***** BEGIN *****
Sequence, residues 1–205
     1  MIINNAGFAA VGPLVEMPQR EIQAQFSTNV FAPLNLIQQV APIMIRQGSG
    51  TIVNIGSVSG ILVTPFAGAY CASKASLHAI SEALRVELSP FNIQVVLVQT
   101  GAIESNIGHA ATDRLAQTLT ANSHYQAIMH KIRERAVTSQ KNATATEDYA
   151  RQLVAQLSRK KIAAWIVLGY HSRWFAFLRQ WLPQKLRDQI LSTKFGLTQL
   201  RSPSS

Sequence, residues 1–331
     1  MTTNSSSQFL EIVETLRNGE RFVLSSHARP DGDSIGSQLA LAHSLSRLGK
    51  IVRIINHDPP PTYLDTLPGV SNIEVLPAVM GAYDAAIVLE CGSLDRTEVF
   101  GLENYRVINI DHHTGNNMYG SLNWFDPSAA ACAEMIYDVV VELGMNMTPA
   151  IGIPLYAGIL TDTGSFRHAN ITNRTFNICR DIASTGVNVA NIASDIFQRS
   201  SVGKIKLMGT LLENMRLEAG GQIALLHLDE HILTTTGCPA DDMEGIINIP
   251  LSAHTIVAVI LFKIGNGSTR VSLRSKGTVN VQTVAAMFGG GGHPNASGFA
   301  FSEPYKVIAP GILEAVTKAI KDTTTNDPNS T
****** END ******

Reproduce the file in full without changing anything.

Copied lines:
Sequence, residues 1–205
     1  MIINNAGFAA VGPLVEMPQR EIQAQFSTNV FAPLNLIQQV APIMIRQGSG
    51  TIVNIGSVSG ILVTPFAGAY CASKASLHAI SEALRVELSP FNIQVVLVQT
   101  GAIESNIGHA ATDRLAQTLT ANSHYQAIMH KIRERAVTSQ KNATATEDYA
   151  RQLVAQLSRK KIAAWIVLGY HSRWFAFLRQ WLPQKLRDQI LSTKFGLTQL
   201  RSPSS

Sequence, residues 1–331
     1  MTTNSSSQFL EIVETLRNGE RFVLSSHARP DGDSIGSQLA LAHSLSRLGK
    51  IVRIINHDPP PTYLDTLPGV SNIEVLPAVM GAYDAAIVLE CGSLDRTEVF
   101  GLENYRVINI DHHTGNNMYG SLNWFDPSAA ACAEMIYDVV VELGMNMTPA
   151  IGIPLYAGIL TDTGSFRHAN ITNRTFNICR DIASTGVNVA NIASDIFQRS
   201  SVGKIKLMGT LLENMRLEAG GQIALLHLDE HILTTTGCPA DDMEGIINIP
   251  LSAHTIVAVI LFKIGNGSTR VSLRSKGTVN VQTVAAMFGG GGHPNASGFA
   301  FSEPYKVIAP GILEAVTKAI KDTTTNDPNS T